That’s what I want. As I become long in the tooth, I will delight in being ‘no spring chicken’. Seamus I want you to look upon me in my antiquated form, knowing that we had time together. I want my golden years to begin right now and go on for many more to come because the currency between us is priceless. The currency is love.

It is my desire to watch you grow up and to participate in your life. To see you evolve into a little boy and a teenager and then into a man. To cherish those small moments of ordinariness that are the gems of our every day. To wonder who on earth taught you that swear word and ponder whether it may have been me. To dab a Dettol soaked cotton wool ball on a grazed knee. To ask you to get that jar from the top shelf that I cannot reach. To warmly greet that someone special that you have brought home to meet us.

I want to get to know who you are. To listen to your dreams and aspirations. To tell you my stories. To make memories with you.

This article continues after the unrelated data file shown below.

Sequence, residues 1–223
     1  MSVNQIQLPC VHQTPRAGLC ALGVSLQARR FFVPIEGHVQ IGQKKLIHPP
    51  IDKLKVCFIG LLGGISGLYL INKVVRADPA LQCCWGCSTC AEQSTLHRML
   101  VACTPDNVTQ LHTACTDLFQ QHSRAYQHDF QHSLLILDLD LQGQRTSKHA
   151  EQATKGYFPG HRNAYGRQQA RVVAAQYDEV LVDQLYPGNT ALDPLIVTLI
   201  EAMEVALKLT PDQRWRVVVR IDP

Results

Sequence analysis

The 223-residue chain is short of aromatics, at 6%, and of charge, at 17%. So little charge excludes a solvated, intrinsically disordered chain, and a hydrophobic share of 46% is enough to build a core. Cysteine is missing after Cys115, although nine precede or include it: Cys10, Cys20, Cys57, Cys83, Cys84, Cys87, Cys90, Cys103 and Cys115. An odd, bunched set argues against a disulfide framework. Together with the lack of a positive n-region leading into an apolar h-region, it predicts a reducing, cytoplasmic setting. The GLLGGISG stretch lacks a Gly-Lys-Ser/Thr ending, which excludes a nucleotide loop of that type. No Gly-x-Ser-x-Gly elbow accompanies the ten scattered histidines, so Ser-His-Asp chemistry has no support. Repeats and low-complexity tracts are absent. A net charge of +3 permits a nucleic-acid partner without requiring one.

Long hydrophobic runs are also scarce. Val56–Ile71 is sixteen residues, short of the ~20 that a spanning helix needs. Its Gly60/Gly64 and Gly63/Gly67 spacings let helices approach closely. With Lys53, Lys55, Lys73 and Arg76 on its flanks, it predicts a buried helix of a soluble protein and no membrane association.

Last year I had the idea of all of us making a painting with our handprints. Your brothers and your Daddy painted theirs while I helped you with yours. I then set about creating my own canvas. I was very pleased with my effort and as I stood admiring my work I did not notice you dipping your hand in some yellow paint. You thought you would make a mark on my creation and before I could grab you, you had hold of the top corner. Afterwards when I looked at your little hand print, I realised it looked like a sun. It was so incredibly perfect and I could not have planned anything better.

As the sun returned to the same place it was on the day I was born, I recognised that you are the shining heavenly body giving light to my life.

You are my Shining Son and I want to bask in your glow for many more years to come.

“Being deeply loved by someone gives you strength, while loving someone deeply gives you courage”Lao Tzu

The Demonstration of Fearlessness


Dear Seamus,

I take great delight in singing you a song by Paul Kelly because I love the story behind it. I hold you and we dance around the lounge room while you smile with recognition as it plays on my iPod. In the 1960’s an indigenous Australian man called Vincent Lingiari worked on a cattle station in the Northern Territory. He led a walk-off over poor work and living conditions. This protest then led to seeking the return of traditional lands and with others, Vincent petitioned the Governor General. It became a federal issue and finally in 1975, then Prime Minister Gough Whitlam poured a handful of sand into Vincent’s hand in poignant symbolism of the returning of land to the Gurindji People.